Some of the region’s farmers are set to get some relief from dry conditions and high input costs with the Federal Government announcing 100 Gl of water will be released to grow feed.
However, those growing rice, cotton or fruit will be excluded from using the water that is part of a new drought stimulus package announced late last month.
Kaarimba irrigator Dudley Bryant said the minimum 25 Ml allocation for each farmer would give him a head start if no rain fell or allocation was provided.
“The biggest thing is government has done something,” he said.
“It’s a recognition there is a problem but we are long way from fixing it.
“It’s a good step. In our case 25 Ml will start up 25 hectares of annual pasture.”
Jerilderie rice, barley and oats grower Peter Burke questioned how successful the allocation would be.
“Divvying up that amount of water amongst 6000 irrigators is like giving someone one piece of chicken for tea when they need three,” he said.
“I haven’t seen any of these options that offer any long-term security for anyone.”
Mr Burke said he wasn’t normally a negative person but he wondered who was advising the government.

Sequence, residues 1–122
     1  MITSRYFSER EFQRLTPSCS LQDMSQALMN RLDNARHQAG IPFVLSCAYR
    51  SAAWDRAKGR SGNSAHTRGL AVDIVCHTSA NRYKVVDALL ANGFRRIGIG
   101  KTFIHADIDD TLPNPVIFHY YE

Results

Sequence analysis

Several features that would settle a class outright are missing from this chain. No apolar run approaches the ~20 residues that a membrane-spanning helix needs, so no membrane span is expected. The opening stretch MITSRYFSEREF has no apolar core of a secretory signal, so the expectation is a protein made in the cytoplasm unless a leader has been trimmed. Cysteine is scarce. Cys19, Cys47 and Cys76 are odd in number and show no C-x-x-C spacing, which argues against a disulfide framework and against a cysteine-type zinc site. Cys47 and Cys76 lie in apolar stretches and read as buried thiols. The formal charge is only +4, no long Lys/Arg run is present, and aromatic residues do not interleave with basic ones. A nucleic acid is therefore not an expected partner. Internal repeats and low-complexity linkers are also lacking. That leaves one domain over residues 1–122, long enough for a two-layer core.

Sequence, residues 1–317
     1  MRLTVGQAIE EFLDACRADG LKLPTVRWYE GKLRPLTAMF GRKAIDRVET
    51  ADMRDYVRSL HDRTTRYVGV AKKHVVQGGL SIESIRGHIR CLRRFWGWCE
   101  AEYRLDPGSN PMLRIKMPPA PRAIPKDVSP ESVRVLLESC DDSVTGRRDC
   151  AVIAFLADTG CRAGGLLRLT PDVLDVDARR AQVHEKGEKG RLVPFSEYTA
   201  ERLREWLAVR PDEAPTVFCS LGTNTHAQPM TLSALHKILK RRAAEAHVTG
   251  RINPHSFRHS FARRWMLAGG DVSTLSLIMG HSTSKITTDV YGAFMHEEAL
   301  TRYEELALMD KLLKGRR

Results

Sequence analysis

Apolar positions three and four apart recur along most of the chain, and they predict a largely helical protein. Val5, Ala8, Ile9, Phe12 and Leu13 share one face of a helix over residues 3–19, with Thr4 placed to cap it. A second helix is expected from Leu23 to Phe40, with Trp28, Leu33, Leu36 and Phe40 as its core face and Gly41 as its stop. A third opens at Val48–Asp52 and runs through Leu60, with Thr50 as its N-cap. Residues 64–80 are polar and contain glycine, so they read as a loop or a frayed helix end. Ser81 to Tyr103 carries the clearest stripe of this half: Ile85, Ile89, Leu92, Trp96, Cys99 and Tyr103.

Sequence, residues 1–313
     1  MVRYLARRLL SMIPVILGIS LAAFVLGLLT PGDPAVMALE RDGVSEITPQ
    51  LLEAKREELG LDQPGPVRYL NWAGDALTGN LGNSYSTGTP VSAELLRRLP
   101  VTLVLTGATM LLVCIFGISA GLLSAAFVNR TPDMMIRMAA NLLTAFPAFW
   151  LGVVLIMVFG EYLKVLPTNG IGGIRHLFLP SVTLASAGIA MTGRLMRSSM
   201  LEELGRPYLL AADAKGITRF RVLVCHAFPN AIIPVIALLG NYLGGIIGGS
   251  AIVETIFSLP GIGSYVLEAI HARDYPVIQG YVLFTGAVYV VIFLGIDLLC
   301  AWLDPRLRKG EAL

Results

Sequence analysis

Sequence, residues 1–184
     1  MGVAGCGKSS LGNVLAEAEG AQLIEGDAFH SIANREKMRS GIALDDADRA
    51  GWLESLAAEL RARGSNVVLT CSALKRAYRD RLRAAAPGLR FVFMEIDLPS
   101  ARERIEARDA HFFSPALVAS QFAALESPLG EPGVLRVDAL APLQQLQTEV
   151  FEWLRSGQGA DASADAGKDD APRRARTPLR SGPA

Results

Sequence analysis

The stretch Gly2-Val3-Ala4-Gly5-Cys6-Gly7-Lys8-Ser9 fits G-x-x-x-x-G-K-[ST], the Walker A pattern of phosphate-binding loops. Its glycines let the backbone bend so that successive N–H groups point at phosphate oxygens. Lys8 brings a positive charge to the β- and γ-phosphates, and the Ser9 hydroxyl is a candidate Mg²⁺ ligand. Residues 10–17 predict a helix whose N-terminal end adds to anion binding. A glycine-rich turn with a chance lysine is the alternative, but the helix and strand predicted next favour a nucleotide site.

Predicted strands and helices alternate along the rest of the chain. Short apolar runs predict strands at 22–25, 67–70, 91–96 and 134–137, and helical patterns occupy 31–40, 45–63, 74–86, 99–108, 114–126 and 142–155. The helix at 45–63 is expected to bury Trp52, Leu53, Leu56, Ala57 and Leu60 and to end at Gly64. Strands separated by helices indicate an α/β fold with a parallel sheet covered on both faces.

“In the millennium drought, under the Howard government, we could access interest-free subsidies capped at $100000,” he said.
“That wasn’t a complicated procedure and provided a real option.”
Speak Up chair Shelley Scoullar questioned the practicality of the roll-out.
“It is great to see that state and federal governments can work together to provide solutions to the water crisis, a good step forward,” she said.
“Unfortunately the practicality in the roll-out of the 100 Gl will not provide the best results.
“Twenty-five megalitres per farm is not a lot and is not an efficient use of water.
“It would have been much better for the water to be distributed as an allocation, with an intra-valley pool established so that those who were not in a position to grow a summer crop could trade to those who were, especially dairy farmers.”
The Australian Dairy Industry Council has also welcomed the announcement.
In April, ADIC called on the Federal Government to use Australia’s six functional desalination plants in a move that would “deliver a permanent water supply for farmers, regional communities and environment”.
“It is fantastic to see the government listening to the needs of dairy farmers who are suffering from the impacts of drought and offering real solutions to the problems we face in securing water,” ADIC chair Terry Richardson said.